jupe has a little insight into his music


I think I might have figured out something about my attraction to Gwyneth Walker’s compositions. I have concluded that they remind me a bit of  my own improvising. This is very logical to me. Walker’s bio on Grove’s web site (reproduced here) mentions her interest in folk music and “rock and roll.”



This along with the rather clinical description: “Her harmony is diatonic, often consisting of non-referential triads with some quartal harmonies” describes both my youth and part of my improv/compositional style.


Walker seems less affected by academic music than I was. It looks like she (and Carson Cooman)  have carved out a niche of accessible use of a musical language that transcends both popular and academic. I admit to being a bit envious.

At any rate, I have pretty much shaken my youthful ideas about “educated” classical music or whatever you want to call it.

I think there was a time I would be more dismissive of Walker and Cooman. But now I know myself well enough that I can clearly tell when I am attracted to a musical idea whether it is complex or simple or somewhere in between.

This is a small insight but playing through Walker’s piano music helps me understand this about myself.

For some weird reason, I ran the snow blower while waiting for Eileen to get ready for church yesterday. This is out of character but is becoming more in character as we get all the snow we have been getting. It’s almost survival to try to keep the drive clear so I can get the car out and get places.

Church went well yesterday. It usually does. I forgot to submit the title of my prelude so it wasn’t in the bulletin (just figured out that this was my bad with a quick email search… oops). It was a clever little trio by Krapf on “Let all things now living.” I improvised an interesting accompaniment to “This little light of mine” which relied on the cong carrying the tune (and harmony) while I embroidered piano riffs around them. I dropped the organ entirely on the last sing through of “We are marching in the light of God.” That was cool. I played a postlude based on this tune. I need to keep working on it in order to do it well for the upcoming local AGO members recital.

My Mom asked us to buy a meal on her recently so we went out to eat after church. I was pretty exhausted after that and sat and stared at the computer screen so long that my head hurt a little bit.

Cleared that up with several Scarlatti essercizi.

I am still playing my way through the terrible Longo edition of all of these. I also have been reading Kirkpatrick’s study of Scarlatti, adding it to my morning reading along with  To The Mountain Top: Martin Luther King Jr.’s Sacred Mission to Save America 1955-1968 by Stewart Burns. This was available as a 99 cent Kindle book so buying it was a nobrainer after reading about it in a footnote of Michelle Alexander’s The New Jim Crow.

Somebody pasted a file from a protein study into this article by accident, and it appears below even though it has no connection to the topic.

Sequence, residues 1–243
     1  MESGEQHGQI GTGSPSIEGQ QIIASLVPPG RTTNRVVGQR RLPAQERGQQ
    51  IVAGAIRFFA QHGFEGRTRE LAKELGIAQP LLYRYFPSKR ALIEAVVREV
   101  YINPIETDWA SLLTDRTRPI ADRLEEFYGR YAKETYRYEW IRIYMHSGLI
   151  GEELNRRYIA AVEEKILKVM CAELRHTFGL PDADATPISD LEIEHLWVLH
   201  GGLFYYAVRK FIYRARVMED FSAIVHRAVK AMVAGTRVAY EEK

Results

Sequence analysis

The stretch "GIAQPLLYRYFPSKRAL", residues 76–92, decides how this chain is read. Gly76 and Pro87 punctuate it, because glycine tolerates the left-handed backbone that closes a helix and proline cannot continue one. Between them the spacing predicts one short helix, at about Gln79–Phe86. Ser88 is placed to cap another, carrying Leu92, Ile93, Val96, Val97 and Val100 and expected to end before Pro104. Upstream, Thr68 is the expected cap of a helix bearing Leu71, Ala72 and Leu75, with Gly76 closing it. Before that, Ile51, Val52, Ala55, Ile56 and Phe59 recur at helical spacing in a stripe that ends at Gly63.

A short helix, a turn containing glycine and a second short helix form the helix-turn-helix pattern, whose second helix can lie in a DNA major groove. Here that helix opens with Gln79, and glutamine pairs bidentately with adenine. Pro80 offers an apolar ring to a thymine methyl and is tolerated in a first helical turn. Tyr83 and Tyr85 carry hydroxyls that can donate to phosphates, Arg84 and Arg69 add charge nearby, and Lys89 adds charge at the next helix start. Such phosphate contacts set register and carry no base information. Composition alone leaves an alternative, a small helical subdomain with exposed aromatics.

I also ordered The Miner’s Canary: Enlisting Race, Resisting Power, Transforming Democracy by Lani Guinier and Gerald Torres from PaperbackSwap.

This also came from an Alexander footnote. However I remember when Guinier was nominated as a candidate for Assistant Attorney General.

I was very impressed with her. She didn’t get it.

1. Still Mad as Hell – NYTimes.com

Maureen Dowd’s Sunday column. I related to this quote:

If you really want to find out about anything these days you have great access to great info all over the internet, but you will find yourself alone, because no one knows what you are talking about. “

2. Other People’s Views – NYTimes.com

Another weird little article by David Brooks. Another quote,this time from the comments to the article (by Phil from Texas):

“How could there be anything wrong with listening to others, so long as you are the final arbiter? And how could there be anything right about listening to others if “listening” means you do what they say because they say so, and for no reason of your own?”

This is something I notice about how people sometimes use the phrase “listen to me.” They mean change and agree with me, not actual simply understanding what they are saying.

3. Months Later, Sniper Attack at Power Hub Still a Mystery – NYTimes.com

I either didn’t read about or forgot about the April San Francisco attack on the grid. Wow.

4. 4 Ways to Make Your Brain Work Better | Mother Jones

Sleep more, stop being an internet junkie, put a check on your multitasking and practice “mindfulness.”

5. Health, Work, Lies – NYTimes.com

Public officials continue to misrepresent in order to sway.

6. Part of the Farm Bill: Cuts to Food Stamps – NYTimes.com

The way our government works now makes me weep. Taking food from the poor and giving money to the rich. Madness.

7. The Tenure Track: Rethink the Rules? – NYTimes.com

Letters to the editor. First one from musicologist Peter Jeffery.

8. Woody Allen Speaks Out – NYTimes.com

The recent rehashing of these charges has left me scratching my head. Who knows what the deal is?

9.The Post Office Banks on the Poor – NYTimes.com

Imaginative idea: extend postal services to include cashing checks and small loans.

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